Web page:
Note: this week, we are discussing the process of landing a literary agent. For anyone unfamiliar with this torturous process, it involves writing a one-page letter, describing your book and yourself, in which you are supposed to entice, or at least not frighten, the agent.
You wanna talk about the sting of rejection? Settle in, child. I am the patron saint of awful query letters. In the beginning, I tried very hard to write a concise, hooky one but I failed. I had an unmentionable number of rejected query versions, including an unfortunate batch I discovered one morning after I’d had a teeny bit of Ambien the night before. (Oh, the horror. I awoke feeling ridiculously confident, turned on my computer, and nearly vomited on my shoes to find my Sent file containing a heartfelt, overly affectionate query to multiple agents, beginning with a cheery ‘How are you?’ and ending with an XOXO.) I thought about changing my name after this.
But I persevered. I got editing help from the greatest local editor. I sent my query to the Query Shark, who said, “This is a hot mess.” I rewrote the query, and I rewrote the novel (including changing it from third person to first person.) I got a few requests. I got praise for the exact things other people found to be deal-killers and vice-versa. But I didn’t get any traction until I changed the title, and rewrote the stupid query AGAIN. I sent it to 12 top agents, and waited with the usual mixture of dread and irrepressible hope. And I had six full requests almost right away! Four of the agents were interested, and I signed with the first one who reached out to me.
Jane Dystel (Dystel, Goderich & Bourret) is a tiny, ferocious bundle of energy. She barely stands 5 feet tall but she’s indefatigable, making decisions and churning out opinions at warp speed. Heaven help the fool who stands in her way. To me—a product of the bless your heart South—she embodies the quintessential New Yorkiness we all have in mind when we picture a literary agent: a smoky-voiced unfiltered fast-talker, dripping glamour and competence in equal measure. She hasn’t whipped out a cigarette holder and a martini at any of our lunches, but it’s not in the realm of the impossible.
Jane Dystel, Mariam Goderich, Kimmery MartinI met Jane in person for the first time in the spring of 2016, and we had plenty to celebrate. Jane’s partner, Miriam Goderich, who is gifted at centrifuging their slush pile, had been the one to email me a few months before to say she loved my manuscript, and would I be willing to put any other offers on hold for a short time for Jane to read it? Why yes, I would. Jane and Miriam moved fast, making an offer within a day or two. I considered the other agents who liked my story, but Jane was persuasive: She laid out her plan to sell my manuscript, detail by detail, and by the end of it I found myself in an agreeable trance, unable to do much more than grunt assent. I figured if Jane could reduce me to a state of such helpless acquiescence, she could probably do it to editors, too.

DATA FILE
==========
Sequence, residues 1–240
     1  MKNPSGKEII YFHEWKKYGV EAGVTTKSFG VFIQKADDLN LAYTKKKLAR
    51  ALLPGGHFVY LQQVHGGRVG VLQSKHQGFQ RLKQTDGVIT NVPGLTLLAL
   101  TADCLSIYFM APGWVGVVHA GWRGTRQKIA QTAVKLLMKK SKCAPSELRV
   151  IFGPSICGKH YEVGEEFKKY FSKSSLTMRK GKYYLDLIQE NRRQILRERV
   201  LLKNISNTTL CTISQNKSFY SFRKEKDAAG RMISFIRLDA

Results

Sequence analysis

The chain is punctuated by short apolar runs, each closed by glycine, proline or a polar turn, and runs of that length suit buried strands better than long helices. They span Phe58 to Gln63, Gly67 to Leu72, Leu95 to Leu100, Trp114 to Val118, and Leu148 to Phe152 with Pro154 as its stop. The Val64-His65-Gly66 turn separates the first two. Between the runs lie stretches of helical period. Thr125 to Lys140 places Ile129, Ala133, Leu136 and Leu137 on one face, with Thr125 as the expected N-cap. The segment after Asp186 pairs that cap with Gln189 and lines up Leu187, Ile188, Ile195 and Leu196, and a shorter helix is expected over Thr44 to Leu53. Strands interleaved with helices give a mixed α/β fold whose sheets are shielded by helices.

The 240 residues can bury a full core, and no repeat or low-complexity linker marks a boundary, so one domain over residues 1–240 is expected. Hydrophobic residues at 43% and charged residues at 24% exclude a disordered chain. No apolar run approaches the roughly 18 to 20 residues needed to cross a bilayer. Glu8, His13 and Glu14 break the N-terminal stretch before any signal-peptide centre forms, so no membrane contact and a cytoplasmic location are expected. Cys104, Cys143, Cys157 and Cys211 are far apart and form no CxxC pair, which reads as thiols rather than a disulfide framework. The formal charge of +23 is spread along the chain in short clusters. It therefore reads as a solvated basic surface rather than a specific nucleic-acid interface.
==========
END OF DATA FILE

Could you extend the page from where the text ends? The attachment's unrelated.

And yeah: Jane sold my book right away, to an editor I love, at a Big Five publisher. She’s a merciless advocate for me, but she also displays no remorse in sharing her opinion if she thinks I’m messing up. This is not a bad thing. I get in touch when I’m in New York, in case she can meet, and we have long lunches where we talk about the book and the industry and our strategy for my career and our travels and fashion and politics and whatever else crosses our minds. This is not strictly necessary in an agent-author relationship, of course, but getting to know the person with whom you have significant business dealings is in your best interest. And in theirs: It’s surely easier to go to bat for someone you know and trust. So I think I hit it out of the park with my agent. I wish for that for everyone.
I still can’t quite believe all this has happened, because during the Query Letter Rejection Ordeal, I developed a visceral hatred of the sight of an email coming in, to the point where I’d feel my cheeks flame up in shame before I’d even read it. (I recently got a rejection from a query I sent more than a year ago and got momentarily depressed, before I remembered, hey, I have a book deal.) I thought this was an impossible mission. I thought I couldn’t write. I thought I should self-publish, which still strikes me as a reasonable method in many ways. Although it’s obvious all my rejections forced me into becoming a better writer than I’d have ever been otherwise.